Nobel Prize-winning activist for girls’ education Malala Yousafzai is starting at Oxford University as a fresher this term. Malala will read PPE (Politics, Philosophy and Economics) at Lady Margaret Hall – the first Oxford college to admit women.
But what is it like being a woman or non-binary person of colour at Oxford? We saw the #BlackBoyJoy emanating from the #BlackMenOfCambridge and #BlackMenOfOxford pictures earlier this year. But what have the girls got to say? There is no single story. So, Miss Vogue caught up with 15 women and non-binary people of colour at Oxford, both students and staff, to find out more.
It seems that Oxford can be both academically challenging and emotionally tough, especially if you aren’t white. Frey – a recent graduate – warned that “there’s a lot of racists there,” and when we asked Zara – a 21-year-old medicine student – about her experience of dating she simply replied that she was “confused as to why so many people think that I’m going to be flattered to hear they think black girls are attractive.” Fetishisation and exoticism were buzzwords when it came to questions about dating. “’’Bae’ will most certainly not be found at my university,” 21-year-old English student Princess explained.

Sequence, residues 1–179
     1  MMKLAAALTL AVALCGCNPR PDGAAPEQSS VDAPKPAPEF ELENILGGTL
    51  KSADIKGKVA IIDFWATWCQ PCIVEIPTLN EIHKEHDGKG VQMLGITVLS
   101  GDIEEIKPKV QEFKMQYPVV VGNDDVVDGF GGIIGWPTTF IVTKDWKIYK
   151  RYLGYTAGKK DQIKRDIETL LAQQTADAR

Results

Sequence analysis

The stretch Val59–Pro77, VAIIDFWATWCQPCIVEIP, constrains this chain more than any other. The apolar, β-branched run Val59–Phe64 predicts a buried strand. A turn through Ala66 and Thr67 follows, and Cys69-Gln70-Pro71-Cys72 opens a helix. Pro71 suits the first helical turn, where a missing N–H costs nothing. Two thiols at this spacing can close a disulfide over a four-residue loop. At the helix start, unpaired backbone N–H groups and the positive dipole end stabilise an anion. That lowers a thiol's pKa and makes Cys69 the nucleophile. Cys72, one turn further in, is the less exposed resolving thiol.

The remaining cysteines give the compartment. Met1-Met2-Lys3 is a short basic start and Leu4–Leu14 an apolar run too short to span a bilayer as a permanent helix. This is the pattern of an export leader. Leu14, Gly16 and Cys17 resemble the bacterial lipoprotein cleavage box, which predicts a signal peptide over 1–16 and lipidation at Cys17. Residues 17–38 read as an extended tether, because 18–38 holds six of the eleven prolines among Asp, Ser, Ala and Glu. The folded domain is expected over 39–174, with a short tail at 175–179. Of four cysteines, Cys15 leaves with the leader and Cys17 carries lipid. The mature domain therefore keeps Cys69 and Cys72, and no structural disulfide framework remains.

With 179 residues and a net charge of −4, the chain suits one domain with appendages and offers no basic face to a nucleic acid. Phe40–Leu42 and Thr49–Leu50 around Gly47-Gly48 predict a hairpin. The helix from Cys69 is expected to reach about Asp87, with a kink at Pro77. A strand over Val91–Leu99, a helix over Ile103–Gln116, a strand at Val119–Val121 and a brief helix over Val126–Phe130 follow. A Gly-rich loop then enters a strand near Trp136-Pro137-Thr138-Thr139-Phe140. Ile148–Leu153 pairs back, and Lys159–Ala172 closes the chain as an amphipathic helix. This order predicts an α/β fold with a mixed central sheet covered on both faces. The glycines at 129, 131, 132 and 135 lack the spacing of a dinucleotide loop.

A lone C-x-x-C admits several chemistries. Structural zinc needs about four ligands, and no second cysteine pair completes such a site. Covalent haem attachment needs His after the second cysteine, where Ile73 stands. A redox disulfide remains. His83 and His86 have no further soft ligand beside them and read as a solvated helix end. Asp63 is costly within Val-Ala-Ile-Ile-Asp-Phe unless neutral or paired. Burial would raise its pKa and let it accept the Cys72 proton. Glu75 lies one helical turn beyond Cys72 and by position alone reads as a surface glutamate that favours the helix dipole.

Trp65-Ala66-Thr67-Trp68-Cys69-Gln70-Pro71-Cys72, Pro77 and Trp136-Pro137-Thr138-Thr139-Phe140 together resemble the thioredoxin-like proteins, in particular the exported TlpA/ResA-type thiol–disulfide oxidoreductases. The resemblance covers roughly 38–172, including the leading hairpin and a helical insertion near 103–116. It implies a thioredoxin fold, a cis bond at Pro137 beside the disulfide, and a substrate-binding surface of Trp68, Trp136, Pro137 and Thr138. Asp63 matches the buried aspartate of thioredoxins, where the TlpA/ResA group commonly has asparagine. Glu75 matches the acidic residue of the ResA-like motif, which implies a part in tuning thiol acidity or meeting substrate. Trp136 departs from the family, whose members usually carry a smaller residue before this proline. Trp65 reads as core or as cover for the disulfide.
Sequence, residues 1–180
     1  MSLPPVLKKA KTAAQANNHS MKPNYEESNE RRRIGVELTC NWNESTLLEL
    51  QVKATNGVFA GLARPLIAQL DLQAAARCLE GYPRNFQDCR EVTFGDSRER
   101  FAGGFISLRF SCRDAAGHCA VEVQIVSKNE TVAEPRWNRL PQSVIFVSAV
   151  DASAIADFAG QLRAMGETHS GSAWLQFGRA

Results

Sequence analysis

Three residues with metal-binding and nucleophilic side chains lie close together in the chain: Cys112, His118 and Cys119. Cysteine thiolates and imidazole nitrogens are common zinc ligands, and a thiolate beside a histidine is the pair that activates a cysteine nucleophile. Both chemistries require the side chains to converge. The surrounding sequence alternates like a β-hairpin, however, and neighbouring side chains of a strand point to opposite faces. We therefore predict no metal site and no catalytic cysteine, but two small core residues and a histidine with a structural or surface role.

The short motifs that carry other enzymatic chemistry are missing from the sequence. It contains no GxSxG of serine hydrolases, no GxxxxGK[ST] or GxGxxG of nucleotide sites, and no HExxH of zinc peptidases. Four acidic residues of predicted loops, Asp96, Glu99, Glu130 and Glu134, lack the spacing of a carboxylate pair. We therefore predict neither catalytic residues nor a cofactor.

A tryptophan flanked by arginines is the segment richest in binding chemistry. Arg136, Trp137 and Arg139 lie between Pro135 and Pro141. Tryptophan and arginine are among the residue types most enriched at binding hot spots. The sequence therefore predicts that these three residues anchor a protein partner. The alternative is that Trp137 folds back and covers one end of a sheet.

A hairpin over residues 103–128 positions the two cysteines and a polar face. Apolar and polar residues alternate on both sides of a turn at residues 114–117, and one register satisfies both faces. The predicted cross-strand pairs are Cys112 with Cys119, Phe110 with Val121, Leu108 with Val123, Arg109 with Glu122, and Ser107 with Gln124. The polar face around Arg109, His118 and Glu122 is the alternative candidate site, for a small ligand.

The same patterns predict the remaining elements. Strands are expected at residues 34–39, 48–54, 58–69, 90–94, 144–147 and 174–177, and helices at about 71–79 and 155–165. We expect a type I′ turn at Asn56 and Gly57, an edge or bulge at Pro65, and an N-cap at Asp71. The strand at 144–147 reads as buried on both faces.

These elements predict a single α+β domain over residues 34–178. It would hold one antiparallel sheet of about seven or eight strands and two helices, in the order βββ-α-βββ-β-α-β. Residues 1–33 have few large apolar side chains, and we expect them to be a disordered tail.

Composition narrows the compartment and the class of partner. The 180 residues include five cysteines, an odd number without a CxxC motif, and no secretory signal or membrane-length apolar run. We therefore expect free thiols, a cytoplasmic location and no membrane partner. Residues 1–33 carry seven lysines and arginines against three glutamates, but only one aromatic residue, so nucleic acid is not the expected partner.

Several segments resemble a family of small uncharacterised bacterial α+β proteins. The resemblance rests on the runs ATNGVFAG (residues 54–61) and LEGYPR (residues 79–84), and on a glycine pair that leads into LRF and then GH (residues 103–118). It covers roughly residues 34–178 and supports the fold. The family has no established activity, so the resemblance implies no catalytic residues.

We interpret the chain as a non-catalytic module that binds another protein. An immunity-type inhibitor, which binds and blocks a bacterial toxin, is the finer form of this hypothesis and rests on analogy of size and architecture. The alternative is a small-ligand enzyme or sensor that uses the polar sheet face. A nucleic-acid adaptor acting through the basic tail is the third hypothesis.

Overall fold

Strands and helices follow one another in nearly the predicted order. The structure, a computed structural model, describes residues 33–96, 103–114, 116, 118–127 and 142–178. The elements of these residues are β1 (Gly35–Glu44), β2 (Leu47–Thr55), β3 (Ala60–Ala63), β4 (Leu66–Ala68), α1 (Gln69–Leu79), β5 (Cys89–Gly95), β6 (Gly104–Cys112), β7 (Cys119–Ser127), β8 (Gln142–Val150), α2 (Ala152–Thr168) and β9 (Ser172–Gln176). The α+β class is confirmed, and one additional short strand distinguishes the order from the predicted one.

Still, as London-born Taiwo says, “you can have fun whilst you’re here!” The women interviewed took part in activities as diverse as athletics and drama, and their recommendations went from getting involved in campaigning for social justice and migrants’ rights to trying out the spice selection of Cowley Road. They gave Miss Vogue their advice about navigating university life for the first time and their top tips for how to look after your mental health. “My biggest takeaway from Oxford,” Nadiya Figueroa, the dean of scholarships and director of leadership and change at the Rhodes Trust, told us, “was lessons in how to fight for happiness. And win.”